So, there are numerous species of animals who use parthenogenesis, but to my knowledge the reproduction is clonal. That is, the offspring are identical to the mother. Are there any documented cases where a female goes through meiosis one to produce varied cells that are now diploid and these cells do not go through meiosis two, but rather develop in to a diploid organism? It would seem an effective reproductive strategy in that it generates genetic variation without a mate (at least more-so than strict asexual reproduction). Is my logic flawed in some way?


1 Answer 1


In automixy the meiotic cells give rise to diploid offsprings. This can happen by diploidization of the haploid cell (1n->2n), which will produce homozygotes or endomitosis prior to meiosis (4n->2n) which produces heterozygotes. Examples:

  1. Cnemidophorus uniparens : 4n->2n

  2. Sphyrna tiburo: 1n->2n

I don't know of any case where there is fusion of similar gametes to form a diploid cell. It is difficult for two ova to fuse in natural conditions because the vitelline membrane has to be dissolved. Experimentally a haploid ES-cell can be fused to ovum to form a progeny. Haploid ES cells undergo diploidization and when injected in blastocyst, can develop properly (Ref). In fact haploid androgenic-ES cell line had been made in this study by injecting sperm into an enucleated oocyte. These androgenic-haploid cell lines can be fused to ovum to give rise to viable offsprings.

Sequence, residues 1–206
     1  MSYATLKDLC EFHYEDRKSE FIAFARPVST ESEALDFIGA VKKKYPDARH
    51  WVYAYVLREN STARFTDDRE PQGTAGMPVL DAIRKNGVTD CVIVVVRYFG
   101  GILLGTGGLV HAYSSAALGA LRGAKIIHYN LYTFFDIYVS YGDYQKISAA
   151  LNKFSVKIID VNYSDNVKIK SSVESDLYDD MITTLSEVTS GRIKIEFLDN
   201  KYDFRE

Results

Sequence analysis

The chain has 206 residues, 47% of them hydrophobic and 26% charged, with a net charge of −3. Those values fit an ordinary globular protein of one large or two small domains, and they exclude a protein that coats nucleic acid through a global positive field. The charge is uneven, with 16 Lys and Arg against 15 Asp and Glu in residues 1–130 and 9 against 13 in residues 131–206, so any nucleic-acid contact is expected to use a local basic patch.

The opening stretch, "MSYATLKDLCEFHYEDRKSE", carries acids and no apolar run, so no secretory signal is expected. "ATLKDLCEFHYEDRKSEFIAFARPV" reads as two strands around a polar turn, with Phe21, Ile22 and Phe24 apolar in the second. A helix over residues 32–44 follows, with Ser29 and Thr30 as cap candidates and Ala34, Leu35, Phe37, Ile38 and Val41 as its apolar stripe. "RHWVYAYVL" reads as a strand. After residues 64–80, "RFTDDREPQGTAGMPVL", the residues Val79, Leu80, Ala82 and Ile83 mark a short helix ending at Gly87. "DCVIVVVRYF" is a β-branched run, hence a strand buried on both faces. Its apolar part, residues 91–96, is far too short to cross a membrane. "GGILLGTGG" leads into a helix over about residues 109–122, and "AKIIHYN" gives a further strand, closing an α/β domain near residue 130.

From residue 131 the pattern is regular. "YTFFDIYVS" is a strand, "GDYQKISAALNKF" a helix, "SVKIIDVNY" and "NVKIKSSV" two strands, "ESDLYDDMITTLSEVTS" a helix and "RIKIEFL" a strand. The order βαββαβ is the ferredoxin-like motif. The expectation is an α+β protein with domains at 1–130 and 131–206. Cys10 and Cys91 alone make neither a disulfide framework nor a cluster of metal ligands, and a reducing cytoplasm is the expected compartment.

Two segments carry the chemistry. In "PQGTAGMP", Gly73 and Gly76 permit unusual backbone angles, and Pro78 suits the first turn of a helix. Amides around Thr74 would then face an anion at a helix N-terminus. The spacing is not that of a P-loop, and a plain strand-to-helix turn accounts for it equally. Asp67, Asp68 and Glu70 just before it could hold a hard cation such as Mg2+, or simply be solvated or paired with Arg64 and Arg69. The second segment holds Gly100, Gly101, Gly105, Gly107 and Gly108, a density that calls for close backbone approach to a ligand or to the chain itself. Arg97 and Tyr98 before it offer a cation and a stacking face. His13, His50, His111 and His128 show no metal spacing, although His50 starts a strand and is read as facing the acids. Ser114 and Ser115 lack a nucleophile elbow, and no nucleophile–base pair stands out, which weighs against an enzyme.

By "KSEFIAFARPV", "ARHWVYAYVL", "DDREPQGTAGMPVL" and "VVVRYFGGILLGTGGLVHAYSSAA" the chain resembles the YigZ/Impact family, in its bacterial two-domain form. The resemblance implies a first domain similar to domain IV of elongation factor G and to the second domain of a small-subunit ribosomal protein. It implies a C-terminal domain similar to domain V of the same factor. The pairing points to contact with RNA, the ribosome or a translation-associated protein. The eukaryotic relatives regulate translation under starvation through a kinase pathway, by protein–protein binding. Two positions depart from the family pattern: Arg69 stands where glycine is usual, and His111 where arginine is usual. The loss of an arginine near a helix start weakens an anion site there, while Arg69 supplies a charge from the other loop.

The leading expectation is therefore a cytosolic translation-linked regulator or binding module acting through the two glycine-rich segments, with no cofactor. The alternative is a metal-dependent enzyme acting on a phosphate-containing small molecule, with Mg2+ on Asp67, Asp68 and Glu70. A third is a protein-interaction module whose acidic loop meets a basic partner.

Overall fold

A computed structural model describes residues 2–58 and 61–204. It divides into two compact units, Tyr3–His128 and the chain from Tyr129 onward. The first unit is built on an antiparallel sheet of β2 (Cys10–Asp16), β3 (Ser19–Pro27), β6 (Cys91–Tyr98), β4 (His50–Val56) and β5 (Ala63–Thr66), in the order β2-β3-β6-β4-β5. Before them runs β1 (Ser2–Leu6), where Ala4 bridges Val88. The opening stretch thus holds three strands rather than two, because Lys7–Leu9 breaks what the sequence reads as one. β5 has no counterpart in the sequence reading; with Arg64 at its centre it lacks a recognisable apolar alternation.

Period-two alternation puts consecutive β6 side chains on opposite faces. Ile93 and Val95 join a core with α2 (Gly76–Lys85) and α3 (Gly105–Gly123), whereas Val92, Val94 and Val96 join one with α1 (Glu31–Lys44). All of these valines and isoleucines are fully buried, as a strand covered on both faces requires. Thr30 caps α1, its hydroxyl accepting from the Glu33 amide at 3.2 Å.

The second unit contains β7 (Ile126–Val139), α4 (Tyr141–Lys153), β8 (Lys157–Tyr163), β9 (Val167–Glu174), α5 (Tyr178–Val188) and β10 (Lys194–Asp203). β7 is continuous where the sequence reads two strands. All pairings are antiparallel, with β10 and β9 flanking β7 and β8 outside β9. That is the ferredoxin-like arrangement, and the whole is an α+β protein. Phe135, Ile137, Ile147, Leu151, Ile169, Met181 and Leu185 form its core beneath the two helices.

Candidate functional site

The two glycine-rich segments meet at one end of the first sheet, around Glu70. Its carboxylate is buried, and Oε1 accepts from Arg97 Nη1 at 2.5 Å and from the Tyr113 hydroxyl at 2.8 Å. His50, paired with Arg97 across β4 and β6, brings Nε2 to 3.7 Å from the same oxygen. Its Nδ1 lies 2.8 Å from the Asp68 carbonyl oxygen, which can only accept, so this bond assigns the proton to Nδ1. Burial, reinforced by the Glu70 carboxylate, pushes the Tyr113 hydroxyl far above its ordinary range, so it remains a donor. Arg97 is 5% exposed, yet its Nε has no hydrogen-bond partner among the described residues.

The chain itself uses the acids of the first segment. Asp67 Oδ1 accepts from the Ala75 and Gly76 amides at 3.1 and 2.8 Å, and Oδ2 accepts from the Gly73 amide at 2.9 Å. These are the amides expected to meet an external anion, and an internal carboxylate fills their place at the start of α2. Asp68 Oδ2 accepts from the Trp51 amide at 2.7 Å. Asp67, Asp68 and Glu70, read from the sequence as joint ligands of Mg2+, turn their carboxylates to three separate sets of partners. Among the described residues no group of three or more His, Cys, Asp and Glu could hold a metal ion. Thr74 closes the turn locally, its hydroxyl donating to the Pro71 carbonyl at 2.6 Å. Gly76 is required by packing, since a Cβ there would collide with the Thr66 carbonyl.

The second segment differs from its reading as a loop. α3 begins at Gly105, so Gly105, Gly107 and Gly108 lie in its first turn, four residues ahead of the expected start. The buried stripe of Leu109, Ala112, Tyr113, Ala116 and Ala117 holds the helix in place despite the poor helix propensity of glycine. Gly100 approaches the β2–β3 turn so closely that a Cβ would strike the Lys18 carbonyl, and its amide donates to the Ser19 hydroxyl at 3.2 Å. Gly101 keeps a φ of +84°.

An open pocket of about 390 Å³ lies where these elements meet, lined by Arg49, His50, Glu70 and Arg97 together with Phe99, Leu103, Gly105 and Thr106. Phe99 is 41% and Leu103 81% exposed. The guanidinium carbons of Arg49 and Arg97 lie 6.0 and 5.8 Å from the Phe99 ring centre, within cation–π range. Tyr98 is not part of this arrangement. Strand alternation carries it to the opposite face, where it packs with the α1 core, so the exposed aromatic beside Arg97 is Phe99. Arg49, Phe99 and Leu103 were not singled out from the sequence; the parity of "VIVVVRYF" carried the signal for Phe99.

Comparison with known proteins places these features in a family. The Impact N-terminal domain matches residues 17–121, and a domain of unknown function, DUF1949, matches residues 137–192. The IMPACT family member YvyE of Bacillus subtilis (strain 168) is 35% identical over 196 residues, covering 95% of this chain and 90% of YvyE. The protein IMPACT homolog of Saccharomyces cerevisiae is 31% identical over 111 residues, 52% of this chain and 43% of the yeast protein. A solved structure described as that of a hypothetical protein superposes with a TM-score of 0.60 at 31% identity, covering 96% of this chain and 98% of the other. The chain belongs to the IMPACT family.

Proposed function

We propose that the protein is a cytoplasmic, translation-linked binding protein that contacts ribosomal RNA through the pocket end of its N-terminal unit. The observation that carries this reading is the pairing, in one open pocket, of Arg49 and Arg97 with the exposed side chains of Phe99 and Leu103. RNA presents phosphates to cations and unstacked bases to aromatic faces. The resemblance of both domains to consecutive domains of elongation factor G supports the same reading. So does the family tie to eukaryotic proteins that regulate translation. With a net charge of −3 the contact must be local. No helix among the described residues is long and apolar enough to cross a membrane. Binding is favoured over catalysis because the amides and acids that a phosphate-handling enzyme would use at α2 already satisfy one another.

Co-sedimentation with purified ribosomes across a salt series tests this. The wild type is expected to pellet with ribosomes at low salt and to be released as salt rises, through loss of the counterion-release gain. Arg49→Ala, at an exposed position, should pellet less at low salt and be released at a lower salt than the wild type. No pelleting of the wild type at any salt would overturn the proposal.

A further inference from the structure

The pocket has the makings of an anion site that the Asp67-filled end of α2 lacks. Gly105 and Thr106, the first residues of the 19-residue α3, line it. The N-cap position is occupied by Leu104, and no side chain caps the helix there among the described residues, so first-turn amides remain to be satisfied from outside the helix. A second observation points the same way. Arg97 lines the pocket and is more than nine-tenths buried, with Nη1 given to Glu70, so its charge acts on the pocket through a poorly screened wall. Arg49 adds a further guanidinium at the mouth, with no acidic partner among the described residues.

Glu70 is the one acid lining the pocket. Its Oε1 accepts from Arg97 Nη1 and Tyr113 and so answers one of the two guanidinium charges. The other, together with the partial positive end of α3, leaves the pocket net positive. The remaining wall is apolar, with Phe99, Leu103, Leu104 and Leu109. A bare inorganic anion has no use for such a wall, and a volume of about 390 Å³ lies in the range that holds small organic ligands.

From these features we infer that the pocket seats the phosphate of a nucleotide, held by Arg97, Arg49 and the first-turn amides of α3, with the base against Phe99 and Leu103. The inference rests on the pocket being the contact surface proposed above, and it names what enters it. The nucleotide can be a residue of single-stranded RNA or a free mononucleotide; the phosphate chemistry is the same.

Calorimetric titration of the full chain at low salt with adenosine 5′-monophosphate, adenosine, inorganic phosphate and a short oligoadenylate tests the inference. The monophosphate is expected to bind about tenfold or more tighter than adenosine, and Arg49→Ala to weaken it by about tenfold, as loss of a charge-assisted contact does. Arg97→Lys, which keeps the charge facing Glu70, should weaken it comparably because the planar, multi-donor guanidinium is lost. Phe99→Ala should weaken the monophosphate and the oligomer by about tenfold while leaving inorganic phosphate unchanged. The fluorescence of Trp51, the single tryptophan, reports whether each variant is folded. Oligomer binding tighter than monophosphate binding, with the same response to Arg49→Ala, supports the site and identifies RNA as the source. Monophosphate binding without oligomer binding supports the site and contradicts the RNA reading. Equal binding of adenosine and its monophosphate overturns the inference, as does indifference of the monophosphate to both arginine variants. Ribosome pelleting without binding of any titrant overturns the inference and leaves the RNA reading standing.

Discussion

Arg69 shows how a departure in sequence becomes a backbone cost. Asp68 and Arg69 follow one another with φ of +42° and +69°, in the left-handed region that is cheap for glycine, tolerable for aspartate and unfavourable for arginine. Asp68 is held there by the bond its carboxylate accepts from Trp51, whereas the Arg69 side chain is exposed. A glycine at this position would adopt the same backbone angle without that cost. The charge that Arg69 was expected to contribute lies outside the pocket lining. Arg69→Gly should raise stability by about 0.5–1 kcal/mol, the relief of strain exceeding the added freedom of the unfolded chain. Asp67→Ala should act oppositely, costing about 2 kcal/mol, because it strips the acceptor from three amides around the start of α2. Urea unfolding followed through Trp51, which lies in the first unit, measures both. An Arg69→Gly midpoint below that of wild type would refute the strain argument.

Also see this question. Similar topic

  • $\begingroup$ Good to know! However, I was under the impression that Cnemidophorus lizards gave rise to clones. If I understand you (and the article) then this gives rise to varied offspring. Obviously there is no infusion of new genetic information from other individuals, but it would still seem farm more advantageous (especially in vertebrates) to produce offspring in this way, than by a mitotic mechanism. I find it odd that there don't seem to versions of automixy (that I can discern) that simply forgo meiosis II. Wouldn't this be the simplest way to generate variation and maintain chromosome number? $\endgroup$ Commented May 8, 2013 at 14:23
  • $\begingroup$ It is indeed surprising.. Usually the metphase-II spindle starts assembling before meiosis-I ends.. Slight delay in this process can cause nucleus to assemble¹ ² ³ and perhaps the dihaploid cell can convert to diploid. $\endgroup$
    Commented May 8, 2013 at 16:21

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